In preparation for his daughter's wedding, dentist Sheldon Kornpett meets Vince Ricardo, the groom's father. Vince, a manic fellow who claims to be a government agent, then proceeds to drag Sheldon into a series of chases and misadventures from New York to Central America.Written by
Scott Renshaw <firstname.lastname@example.org>
When Sheldon enters Vince's office to open the safe, he closes the office door behind him, but doesn't lock it. However, when the two hit men who were following him try to open the door, it is locked. See more »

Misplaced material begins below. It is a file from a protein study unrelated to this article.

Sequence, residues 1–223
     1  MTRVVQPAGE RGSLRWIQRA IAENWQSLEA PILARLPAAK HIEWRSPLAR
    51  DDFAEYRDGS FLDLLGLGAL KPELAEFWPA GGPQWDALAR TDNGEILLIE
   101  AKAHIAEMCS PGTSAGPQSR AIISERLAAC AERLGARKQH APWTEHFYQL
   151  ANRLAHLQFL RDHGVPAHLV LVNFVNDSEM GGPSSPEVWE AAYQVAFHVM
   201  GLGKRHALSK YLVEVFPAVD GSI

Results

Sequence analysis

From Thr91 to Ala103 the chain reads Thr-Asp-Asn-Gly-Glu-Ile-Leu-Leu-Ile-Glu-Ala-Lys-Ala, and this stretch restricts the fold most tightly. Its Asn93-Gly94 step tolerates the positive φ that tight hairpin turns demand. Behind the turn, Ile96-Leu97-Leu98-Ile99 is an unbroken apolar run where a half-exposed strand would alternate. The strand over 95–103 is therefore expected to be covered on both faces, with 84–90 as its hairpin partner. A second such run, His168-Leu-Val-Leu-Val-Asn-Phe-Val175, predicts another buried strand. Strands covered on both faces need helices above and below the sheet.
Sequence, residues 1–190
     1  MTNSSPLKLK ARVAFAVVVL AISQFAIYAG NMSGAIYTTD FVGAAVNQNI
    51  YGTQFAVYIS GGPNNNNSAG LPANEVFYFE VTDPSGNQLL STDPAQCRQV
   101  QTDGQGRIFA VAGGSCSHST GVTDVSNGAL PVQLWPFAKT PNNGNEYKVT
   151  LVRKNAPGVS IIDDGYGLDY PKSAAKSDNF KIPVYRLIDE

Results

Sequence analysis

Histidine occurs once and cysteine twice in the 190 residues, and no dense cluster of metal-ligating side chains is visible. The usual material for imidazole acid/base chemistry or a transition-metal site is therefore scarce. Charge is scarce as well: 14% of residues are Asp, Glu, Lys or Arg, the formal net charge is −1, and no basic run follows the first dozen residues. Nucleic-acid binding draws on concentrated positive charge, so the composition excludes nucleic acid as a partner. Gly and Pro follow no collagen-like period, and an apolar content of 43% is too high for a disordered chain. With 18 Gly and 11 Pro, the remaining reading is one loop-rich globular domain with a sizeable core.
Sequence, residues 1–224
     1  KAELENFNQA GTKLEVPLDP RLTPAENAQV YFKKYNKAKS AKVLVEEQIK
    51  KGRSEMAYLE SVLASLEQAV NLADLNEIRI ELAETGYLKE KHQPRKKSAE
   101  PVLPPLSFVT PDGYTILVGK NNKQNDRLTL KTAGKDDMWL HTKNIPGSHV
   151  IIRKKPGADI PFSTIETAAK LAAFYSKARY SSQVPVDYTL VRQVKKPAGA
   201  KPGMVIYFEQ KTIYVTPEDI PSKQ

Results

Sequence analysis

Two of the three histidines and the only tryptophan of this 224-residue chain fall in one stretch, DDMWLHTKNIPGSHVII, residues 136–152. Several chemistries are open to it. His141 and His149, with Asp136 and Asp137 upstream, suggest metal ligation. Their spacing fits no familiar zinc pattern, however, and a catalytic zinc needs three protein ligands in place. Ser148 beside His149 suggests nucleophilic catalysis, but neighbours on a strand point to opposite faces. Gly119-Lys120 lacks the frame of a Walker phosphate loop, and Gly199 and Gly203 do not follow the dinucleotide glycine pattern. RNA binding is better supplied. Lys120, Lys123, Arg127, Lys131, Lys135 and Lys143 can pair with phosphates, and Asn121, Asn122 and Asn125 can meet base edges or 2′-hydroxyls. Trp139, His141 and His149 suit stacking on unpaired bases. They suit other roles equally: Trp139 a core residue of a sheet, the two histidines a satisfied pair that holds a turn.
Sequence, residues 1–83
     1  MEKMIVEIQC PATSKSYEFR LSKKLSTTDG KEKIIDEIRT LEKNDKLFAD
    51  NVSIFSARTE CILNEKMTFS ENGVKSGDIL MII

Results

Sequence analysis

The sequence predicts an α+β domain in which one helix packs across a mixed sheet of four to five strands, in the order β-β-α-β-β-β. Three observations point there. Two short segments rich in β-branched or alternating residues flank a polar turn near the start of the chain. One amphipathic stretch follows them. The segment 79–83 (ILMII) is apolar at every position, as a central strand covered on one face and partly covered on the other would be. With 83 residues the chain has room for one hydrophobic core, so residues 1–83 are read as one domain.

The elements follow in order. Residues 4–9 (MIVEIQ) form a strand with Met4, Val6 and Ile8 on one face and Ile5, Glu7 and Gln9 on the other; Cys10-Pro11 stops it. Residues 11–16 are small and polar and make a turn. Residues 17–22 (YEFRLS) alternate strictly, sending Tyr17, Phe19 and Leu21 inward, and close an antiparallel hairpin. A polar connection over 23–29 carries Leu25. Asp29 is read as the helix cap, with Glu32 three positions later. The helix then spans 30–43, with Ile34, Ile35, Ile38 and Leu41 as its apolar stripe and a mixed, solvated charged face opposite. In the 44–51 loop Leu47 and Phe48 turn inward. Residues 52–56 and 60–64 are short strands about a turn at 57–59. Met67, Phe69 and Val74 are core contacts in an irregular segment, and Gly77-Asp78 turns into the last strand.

When I was 10 years old, my family and I went to see "The In-Laws" in Florida, and we all had so much fun laughing and howling. Peter Falk and Alan Arkin are such a perfect pair in this classic comedy and they are just so inimitable. Falk is the crazed CIA agent, Arkin is the meek dentist, together, when their children plan to marry, Arkin gets involved in Falk's espionage adventures south of the border. Character actor Richard Libertini, a familiar face to many comedies with his bald pate, thick beard, and zany accents, adds to the fun as the Latin dictator who makes hand gestures with eyemakeup and lipstick drawn to his hand to the two guys in one hilarious scene. The best line of the movie is "Serpentine!" Recently, I found on the internet that Michael Douglas and Albert Brooks are going to mimic these greats in an upcoming remake with the same title as the original. Many people posted messages that they were outraged that the regularly dramatic Douglas and the dryly funny Brooks are not only reprising their roles, but also poorly copying them. Audiences at previews were equally angry and predict that the remake will fall flat on its face and there just will never, ever be another Falk and Arkin. Every actor has his/her own persona, and it is highly forced and unnatural when one actor tries to duplicate another actor's persona.
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